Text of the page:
With a struggling economy layoffs have become a sad reality in corporate America.
For larger companies, layoffs are usually broad and indiscriminate in their scope. But for smaller offices, they are more likely to be surgical and at the discretion of superiors. In situations like these, it’s the underproductive, overpaid or problematic employees who get cut first. Increasing the likelihood that your position will not be cut by being an employee in good standing is always a wise decision. Employees who are in good standing could also find themselves on the chopping block, but when comparing apples to apples it’s the rotten fruit that gets downsized first. Knowing this, it is in your best interest to stay under the radar and avoid being tagged for removal. Being punctual and productive, as well as cooperative and willing to help out when needed, might just keep you from getting the pink slip.
Assessing your vulnerability by taking a look at your particular function and how it fits into the company’s larger strategic goal will help you determine whether or not you have a future. Hitting your numbers and getting results may not be enough if your position does not pass a strategic review. Discussing your concerns with your supervisor might help shed some light on the situation. If you are not getting the answers you need from your immediate supervisor, then you may have to find people above him or her who can get you the information you are looking for. Intentionally going over someone’s head may involve some risk of betrayal, but if it’s clear that layoffs are coming you may have little to lose by asking some questions. It may also help if you phrase your questions as coming from the desire to better understand the current realities of your business rather than out of the fear of losing your current job.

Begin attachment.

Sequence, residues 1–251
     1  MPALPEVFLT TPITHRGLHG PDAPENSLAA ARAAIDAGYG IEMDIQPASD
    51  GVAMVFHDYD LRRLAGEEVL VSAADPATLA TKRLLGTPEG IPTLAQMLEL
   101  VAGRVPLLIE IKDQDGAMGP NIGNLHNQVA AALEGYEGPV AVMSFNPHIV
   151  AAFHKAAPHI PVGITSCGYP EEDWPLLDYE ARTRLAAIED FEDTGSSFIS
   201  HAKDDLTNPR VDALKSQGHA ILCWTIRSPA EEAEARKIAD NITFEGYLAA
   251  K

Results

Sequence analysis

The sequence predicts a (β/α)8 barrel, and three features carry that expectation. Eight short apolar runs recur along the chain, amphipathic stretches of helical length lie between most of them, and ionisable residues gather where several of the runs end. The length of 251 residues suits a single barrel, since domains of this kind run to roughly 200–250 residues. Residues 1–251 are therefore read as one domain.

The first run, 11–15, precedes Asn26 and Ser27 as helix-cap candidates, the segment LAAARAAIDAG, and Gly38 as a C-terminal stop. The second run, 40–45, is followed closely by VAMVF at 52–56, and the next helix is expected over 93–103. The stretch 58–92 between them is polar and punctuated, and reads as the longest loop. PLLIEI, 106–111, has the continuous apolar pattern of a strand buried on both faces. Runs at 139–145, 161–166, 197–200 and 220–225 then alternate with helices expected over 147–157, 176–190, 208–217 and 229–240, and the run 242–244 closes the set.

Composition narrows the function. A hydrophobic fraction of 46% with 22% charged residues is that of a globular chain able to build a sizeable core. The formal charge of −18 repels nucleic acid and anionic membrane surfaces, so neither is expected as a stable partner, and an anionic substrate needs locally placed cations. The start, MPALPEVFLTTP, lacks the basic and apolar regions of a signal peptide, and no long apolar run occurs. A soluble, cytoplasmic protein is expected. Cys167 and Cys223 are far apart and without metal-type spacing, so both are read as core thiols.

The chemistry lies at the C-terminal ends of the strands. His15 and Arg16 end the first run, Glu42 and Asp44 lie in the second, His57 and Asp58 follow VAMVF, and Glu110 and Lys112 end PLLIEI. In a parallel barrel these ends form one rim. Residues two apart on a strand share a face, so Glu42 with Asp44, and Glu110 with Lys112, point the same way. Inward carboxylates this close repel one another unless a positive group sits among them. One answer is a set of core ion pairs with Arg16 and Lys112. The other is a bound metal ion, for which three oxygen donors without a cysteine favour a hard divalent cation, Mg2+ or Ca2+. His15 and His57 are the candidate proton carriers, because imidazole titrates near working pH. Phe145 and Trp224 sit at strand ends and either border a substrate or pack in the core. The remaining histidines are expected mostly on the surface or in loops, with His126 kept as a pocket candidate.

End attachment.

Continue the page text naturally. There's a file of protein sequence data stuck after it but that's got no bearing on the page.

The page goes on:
If you do determine that your job is on the chopping block, you’ll want to identify growth areas within your company that you might be able to move into. If you see an opportunity, you will want to immediately start building relationships with people in those areas. It is much easier to arrange a transfer while you are still employed rather than waiting until you are out of a job. It is always prudent to be forging relationships with people outside your own department even if you have no information that layoffs are coming; it could pay off down the road.
Employees who do get laid off, become disgruntled and thumb their noses at the company have no chance of being rehired and could even ruin their chances of getting hired by another company. A good reputation can create opportunities just as bad one can eliminate them.
When times are tough, there is no sure-fired way to keep yourself out of the unemployment office. But with a little strategic vision and common sense, you can certainly reduce your chances of becoming another corporate fatality.